I trust he is true, honest and I am sure you will agree with me after watching the following videos.

Be safe Henry, you’re great, R.I.P. Paul Fox.

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The DIY ethic

Since my last post had to do with the cassette culture and the DIY ethic of punk rock, I thought, “why not to expand a little more…”

According to wikipedia “DIY culture (abbreviation of Do It Yourself) is a broad term that refers to a wide range of elements in non-mainstream society, such as grassroots political and social activism, independent music, art, and film.”

I said to myself, “that would be an interesting issue to write about…”

So I will use quotes from wikipedia or from other sources that I will mention every time.

“In the punk subculture, the DIY ethic is tied to punk ideology and anticonsumerism, as a rejection of the need to purchase items or use existing systems or processes. Arguably since the 1970’s; emerging punk bands began to record their music, produce albums and merchandise, distribute their works and often performed basement shows in residential homes rather than at traditional venue, to avoid corporate sponsorship or to secure freedom in performance. Since many venues tend to shy away from more experimental music, houses are often the only places at which these bands can play.” (wikipedia)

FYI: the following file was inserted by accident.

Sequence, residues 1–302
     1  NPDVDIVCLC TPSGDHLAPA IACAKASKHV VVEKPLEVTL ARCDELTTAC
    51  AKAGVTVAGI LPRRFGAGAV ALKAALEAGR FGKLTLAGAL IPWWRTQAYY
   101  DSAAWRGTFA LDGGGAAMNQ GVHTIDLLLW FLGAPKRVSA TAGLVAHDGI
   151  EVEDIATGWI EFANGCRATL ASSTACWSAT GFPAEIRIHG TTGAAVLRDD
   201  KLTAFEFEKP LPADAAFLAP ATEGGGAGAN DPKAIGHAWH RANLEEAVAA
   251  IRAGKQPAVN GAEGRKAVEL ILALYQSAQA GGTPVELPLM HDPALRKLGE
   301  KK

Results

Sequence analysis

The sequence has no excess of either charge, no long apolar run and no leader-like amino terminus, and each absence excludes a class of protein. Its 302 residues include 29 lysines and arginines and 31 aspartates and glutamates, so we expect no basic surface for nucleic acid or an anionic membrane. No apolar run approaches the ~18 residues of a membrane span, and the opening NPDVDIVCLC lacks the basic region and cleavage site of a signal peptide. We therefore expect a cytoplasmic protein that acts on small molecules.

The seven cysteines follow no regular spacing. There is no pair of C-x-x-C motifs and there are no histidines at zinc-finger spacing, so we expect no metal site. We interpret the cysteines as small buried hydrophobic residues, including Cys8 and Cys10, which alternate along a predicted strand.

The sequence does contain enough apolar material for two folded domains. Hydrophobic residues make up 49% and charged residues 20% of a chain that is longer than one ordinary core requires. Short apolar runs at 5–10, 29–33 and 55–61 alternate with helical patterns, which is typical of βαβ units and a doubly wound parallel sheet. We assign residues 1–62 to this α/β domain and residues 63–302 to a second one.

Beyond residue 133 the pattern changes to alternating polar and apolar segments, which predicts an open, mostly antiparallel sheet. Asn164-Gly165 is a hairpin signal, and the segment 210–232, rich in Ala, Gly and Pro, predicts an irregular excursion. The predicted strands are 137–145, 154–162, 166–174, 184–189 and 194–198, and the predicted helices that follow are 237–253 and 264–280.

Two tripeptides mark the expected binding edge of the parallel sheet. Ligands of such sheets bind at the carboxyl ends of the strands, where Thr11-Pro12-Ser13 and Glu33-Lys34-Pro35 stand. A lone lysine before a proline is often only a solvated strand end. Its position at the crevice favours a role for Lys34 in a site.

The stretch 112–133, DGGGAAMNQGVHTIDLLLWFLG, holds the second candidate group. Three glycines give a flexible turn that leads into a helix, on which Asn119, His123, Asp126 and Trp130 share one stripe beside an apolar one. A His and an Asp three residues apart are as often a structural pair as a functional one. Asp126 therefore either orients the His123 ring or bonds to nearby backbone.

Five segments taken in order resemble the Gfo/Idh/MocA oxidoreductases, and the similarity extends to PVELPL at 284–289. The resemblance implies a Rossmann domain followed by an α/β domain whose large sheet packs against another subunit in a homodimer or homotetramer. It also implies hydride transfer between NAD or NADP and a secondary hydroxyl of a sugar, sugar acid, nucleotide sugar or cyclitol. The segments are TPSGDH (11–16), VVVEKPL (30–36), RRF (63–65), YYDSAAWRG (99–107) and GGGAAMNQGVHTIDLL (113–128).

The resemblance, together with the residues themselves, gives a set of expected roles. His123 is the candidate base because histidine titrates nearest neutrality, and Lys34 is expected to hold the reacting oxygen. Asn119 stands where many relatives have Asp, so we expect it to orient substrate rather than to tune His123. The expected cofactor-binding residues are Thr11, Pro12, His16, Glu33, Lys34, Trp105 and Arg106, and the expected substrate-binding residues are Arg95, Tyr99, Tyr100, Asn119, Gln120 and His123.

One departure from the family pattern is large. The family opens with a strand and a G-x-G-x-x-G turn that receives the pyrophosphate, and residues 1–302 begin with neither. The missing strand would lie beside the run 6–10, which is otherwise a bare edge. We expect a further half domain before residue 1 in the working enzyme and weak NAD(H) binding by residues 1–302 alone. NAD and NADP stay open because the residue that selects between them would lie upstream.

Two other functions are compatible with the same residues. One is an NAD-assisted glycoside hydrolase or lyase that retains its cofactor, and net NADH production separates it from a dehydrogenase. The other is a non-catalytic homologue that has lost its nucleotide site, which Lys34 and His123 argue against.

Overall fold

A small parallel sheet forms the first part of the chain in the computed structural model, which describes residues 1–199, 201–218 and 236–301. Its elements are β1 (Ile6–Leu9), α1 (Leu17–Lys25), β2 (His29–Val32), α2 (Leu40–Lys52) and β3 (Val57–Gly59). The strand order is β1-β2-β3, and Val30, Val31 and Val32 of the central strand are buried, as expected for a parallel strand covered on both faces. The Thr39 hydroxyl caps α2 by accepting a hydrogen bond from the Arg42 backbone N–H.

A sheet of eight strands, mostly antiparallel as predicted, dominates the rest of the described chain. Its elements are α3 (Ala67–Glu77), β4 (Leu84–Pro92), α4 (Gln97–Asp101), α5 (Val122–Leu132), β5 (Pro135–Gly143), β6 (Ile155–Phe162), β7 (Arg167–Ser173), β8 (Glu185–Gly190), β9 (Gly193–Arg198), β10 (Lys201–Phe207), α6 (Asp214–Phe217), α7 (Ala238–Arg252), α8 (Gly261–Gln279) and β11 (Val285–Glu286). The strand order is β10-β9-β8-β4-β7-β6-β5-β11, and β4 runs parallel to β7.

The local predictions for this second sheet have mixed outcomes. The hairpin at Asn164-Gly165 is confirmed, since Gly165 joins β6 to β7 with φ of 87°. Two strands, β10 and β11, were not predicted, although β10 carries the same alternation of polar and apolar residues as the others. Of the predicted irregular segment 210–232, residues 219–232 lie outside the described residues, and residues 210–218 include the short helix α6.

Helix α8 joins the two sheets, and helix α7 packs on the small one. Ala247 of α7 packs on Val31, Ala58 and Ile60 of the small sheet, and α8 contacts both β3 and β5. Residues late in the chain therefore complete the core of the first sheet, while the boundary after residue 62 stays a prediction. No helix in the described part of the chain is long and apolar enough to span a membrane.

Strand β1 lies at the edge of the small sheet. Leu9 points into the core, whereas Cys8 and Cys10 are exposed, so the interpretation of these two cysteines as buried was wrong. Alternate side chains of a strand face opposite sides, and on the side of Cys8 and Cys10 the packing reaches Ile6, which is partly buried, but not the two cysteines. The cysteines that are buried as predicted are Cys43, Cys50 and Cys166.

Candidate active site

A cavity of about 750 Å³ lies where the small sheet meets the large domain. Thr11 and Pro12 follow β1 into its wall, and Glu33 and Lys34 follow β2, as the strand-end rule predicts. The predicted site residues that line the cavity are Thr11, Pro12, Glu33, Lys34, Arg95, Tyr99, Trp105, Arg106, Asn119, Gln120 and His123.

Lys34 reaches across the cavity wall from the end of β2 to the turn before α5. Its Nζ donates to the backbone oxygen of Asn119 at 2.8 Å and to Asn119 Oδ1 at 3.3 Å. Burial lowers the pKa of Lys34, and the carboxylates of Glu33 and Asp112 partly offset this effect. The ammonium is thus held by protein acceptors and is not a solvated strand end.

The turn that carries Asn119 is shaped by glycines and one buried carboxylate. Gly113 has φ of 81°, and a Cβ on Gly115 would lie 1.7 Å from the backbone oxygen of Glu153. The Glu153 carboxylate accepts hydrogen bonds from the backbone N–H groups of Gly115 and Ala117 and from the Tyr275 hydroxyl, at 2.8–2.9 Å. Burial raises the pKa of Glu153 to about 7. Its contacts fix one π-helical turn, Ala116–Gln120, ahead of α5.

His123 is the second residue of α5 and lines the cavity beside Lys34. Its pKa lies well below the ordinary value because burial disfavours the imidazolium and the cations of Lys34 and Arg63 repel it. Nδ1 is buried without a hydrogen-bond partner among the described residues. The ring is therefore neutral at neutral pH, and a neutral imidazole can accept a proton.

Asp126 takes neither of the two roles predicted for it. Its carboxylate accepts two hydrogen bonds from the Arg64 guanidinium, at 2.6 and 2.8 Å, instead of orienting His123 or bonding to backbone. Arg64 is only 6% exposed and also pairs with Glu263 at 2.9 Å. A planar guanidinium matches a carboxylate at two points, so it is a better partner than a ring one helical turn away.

So, I said, lets check the YouTube.

And this is what I found:

“Taken from From the documentary Northwest Passage: Birth of Portland’s DIY Culture, Greg Sage’s legendary Wipers live in 1983.”

Wikipedia continues as follows: “Adherents of the DIY punk ethic can also work collectively. For example, punk impresario David Ferguson’s CD Presents was a DIY concert production, recording studio, and record label network.

The DIY punk ethic also applies to everyday living, such as learning bicycle repair rather than taking a bike to a mechanic’s shop, sewing/repairing/modifying clothing rather than buying new clothes, starting vegetable gardens, and reclaiming recyclable products by dumpster diving. Some educators also engage in DIY teaching techniques, sometimes referred to as Edupunk”